As for next season, we see some changes happening… Frank de Boer claims he wants to stay and I do believe him, but if Barcelona comes calling he will probably go. Ronald Koeman, however, is being named as a strong candidate by a Spanish paper. He is leaving Feyenoord and making way for Fred Rutten. Koeman was applauded and cheered during Feyenoord’s last home game this weekend. He was told he would leave the club on the shoulders of many and via the front door. He will always be welcome. Koeman admitted to regret to have to leave Feyenoord. “I have played for all three top clubs in Holland and I coached them all. I have sympathy for all of them but Feyenoord is special. My whole family feels very at home here. And in particular the home games have given me goosebumps. Feyenoord will always be special to me.”

A nice touch after the debacle exits of Mario Been and Gertjan Verbeek (who got fired this week in the Bundesliga).

Marco van Basten remains in Holland, moving to AZ Alkmaar while AZ CEO Toon Gerbrands is moving to PSV to assume the General Manager role there. Jan Wouters will leave FC Utrecht as the head coach but has already suggested he would consider an assistant role under another head coach. Jan has always felt more at ease in that role (Rangers, FC Utrecht).


The best we keep for last.

Louis van Gaal. He has said no to Spurs (probably wasn’t going to gel with Levy) and Wenger himself stated he would stay at Arsenal so a move to London was also irrelevant from that angle. Man United however, is in need of a strong coach who would be able to build up the club again. Give new input to the scouting, the analysis, youth development… in other words…renovate Manchester United.

LVG’s signing also means RVP will most likely stay in Manchester. One of the conditions the ManU owners have, is that the 1992 generation (Scholes, Giggs) are being utilised. Van Gaal has suggested he might take Pat Kluivert with him as assistant, as will Frank Hoeks and the video analysis team.

He will be paid a handsome 10 mio euros per year and can count on a 100 mio pound war chest!

I will be tuned in for all the Man U games. I wanna see how and if he can make it work (he is a good coach) but I also want to see him in the English media :-). The tabloids are quite….hectic… Actually, Sjoerd Mossou wrote a great little piece in the AD. I will use that for this post:

Dear Louis here are some tips for you, to work in the UK.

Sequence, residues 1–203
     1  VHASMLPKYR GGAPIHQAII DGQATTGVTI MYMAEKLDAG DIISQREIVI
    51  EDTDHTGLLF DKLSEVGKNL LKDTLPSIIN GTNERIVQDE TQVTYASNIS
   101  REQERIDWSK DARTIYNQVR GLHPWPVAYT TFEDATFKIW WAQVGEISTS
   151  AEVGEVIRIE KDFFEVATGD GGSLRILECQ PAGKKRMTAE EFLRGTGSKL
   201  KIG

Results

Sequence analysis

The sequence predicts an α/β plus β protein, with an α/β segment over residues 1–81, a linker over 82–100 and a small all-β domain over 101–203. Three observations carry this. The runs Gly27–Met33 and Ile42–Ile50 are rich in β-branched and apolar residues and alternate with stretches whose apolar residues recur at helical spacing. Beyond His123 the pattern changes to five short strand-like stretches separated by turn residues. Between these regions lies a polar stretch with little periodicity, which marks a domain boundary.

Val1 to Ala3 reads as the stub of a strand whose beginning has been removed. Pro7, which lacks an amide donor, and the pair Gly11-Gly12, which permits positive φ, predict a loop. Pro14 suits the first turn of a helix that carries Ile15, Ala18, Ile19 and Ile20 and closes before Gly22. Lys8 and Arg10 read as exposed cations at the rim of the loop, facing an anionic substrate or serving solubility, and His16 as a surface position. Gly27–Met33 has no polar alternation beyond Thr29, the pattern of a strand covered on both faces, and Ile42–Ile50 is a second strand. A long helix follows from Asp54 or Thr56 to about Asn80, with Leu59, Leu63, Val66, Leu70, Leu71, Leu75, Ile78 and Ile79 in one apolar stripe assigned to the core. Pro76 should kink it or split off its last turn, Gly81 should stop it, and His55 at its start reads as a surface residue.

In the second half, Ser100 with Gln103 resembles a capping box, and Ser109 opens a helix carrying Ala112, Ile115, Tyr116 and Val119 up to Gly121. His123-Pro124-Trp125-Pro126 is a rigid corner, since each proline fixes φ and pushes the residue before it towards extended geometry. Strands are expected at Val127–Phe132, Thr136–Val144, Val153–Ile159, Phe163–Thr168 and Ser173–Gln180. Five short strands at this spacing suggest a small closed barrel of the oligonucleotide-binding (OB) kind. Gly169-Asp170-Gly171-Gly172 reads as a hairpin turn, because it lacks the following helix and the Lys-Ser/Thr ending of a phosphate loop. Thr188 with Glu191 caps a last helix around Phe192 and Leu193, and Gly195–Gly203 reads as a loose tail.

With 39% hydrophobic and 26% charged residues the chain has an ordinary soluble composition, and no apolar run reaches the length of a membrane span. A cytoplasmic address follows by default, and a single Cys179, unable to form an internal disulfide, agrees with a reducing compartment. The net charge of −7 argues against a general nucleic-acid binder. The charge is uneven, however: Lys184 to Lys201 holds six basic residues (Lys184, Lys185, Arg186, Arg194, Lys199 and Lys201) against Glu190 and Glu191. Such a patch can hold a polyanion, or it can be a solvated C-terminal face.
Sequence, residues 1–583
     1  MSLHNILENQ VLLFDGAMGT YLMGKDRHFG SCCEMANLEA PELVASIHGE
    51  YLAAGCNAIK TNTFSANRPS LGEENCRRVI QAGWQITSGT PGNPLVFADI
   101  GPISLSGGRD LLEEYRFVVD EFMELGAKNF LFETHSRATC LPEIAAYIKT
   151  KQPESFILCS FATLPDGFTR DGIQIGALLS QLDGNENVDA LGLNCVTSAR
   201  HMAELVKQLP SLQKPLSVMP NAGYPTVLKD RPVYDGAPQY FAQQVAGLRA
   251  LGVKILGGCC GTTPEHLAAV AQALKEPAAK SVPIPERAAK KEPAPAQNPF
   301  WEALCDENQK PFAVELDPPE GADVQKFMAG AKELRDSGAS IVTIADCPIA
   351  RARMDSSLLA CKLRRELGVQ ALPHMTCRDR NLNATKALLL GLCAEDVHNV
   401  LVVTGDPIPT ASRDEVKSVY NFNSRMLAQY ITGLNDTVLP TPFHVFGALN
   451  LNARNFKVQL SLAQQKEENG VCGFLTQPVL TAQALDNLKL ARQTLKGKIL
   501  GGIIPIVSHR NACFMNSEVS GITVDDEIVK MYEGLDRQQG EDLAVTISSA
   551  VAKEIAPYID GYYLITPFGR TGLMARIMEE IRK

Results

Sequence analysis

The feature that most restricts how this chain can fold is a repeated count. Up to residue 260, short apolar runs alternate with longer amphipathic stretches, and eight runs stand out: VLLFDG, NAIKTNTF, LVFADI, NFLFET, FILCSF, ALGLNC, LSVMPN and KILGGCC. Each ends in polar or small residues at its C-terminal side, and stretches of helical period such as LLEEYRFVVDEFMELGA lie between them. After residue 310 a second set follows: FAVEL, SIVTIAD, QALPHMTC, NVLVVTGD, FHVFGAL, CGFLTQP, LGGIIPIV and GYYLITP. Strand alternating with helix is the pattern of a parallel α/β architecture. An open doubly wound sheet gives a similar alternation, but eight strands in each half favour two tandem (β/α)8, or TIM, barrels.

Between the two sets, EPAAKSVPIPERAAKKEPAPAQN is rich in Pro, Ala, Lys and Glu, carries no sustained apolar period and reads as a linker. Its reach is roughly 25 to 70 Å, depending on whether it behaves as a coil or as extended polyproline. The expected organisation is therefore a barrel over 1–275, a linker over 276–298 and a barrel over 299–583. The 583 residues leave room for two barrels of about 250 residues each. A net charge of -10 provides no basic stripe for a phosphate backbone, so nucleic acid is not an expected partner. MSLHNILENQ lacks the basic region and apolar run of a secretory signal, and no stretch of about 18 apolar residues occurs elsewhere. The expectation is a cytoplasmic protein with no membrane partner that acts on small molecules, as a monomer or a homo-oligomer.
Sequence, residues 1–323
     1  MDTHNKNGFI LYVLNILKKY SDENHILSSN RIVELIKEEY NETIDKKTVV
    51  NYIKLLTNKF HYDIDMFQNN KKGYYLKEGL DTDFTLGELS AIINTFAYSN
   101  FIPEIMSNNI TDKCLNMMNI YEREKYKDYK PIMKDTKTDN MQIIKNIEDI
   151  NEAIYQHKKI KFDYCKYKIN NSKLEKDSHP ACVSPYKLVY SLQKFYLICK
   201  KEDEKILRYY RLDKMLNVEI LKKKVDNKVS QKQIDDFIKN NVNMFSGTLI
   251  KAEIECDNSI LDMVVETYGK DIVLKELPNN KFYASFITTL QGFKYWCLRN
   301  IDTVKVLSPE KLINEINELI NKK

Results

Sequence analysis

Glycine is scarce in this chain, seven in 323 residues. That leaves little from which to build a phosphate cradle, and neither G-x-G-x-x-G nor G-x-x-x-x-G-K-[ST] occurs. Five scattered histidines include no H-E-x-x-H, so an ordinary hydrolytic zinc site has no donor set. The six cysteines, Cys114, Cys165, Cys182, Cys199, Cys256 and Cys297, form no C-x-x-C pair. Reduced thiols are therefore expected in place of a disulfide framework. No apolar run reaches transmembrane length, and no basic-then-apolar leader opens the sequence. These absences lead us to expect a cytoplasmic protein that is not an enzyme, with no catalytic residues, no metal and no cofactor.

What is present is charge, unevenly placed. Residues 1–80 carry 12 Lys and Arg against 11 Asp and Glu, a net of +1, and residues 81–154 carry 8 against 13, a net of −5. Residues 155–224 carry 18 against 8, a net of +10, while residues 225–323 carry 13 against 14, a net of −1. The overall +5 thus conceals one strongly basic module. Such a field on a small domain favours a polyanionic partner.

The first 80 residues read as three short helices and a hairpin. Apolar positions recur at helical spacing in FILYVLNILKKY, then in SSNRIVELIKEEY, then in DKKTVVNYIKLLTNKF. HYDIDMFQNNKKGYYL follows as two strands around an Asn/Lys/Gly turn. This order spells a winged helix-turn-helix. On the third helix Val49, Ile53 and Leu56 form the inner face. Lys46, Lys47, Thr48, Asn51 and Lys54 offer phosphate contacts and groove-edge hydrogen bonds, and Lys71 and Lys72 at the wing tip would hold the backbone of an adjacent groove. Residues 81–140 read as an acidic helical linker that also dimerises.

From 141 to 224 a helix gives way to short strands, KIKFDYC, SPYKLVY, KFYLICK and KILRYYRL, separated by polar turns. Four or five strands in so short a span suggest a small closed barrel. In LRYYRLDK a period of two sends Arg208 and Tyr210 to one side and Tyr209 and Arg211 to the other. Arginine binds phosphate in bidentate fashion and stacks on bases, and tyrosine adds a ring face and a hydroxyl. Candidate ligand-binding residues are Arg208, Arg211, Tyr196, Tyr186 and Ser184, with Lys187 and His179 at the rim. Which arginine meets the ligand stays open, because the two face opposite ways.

1. Don’t read the tabloids

It is bad for your heart. You will miss us, the Dutch press, as we will appear to be very friendly compared to our UK colleagues… Don’t expect an article on your tactical views or on the running patterns but expect a picture of your left full back naked in a strip club.

2. Watch our for Sir Alex

Sir Alex is angry. David Moyes was his mate and his choice. And Sir Alex was against firing Moyes. So watch it, because he will look over your shoulder. Make little noises. Will blow his nose suddenly. Or whine and mumble. And you don’t like that. Remember battling the ghost of Cruyff at Barca or your clashes with Hoeness in Munich? It’s no fun fighting club legends. You can’t win. So have a glass of red with Sir Alex quickly.

3. Yell a bit less

The English don’t appreciate yelling. You can tell them anything, they have a great sense of humour but mind your tone of voice. Be polite. Your buddy the Special One has the urge to say whatever he wants, but he hardly ever yells in interviews. He is smart like that.

4. Sell Rooney

It sounds weird because he is one of the few really good players you have, but he is not a typical Van Gaal player. He will turn 30 next year. His lifestyle will inform you that he won’t be playing like this for much longer. I don’t think there will be a personal connection between the two of you. Because Wayne is from Croxteth in Liverpool. Google the suburb. Your total Human Being Principle….words like “interpretation divergence”….. Don’t use them with Wayne. The Rooneys won’t be able to follow you.

5. Get a gauge on the Glazers…

But don’t trust them. They’re Americans. They gave Man U debt that will make you hallucinate. And they don’t know jack shit of football. Now they need you but don’t give them your loyalty. They might be selling everything in two years. And the ManU fans despise them.

6. Explain it all very quietly and patiently 4 times

RVP will be able to follow you. You already gained his trust. Robin is a football philosopher like you. But don’t make the mistake that the English players understand tactics because they don’t. It’s almost non existent. Take. It. Slow. The English don’t see football as a thinking game. They prefer to kick the ball up the park and then chase it like Braveheart, with foam  on the lips and blood on the legs. That is deeply ingrained in their genes.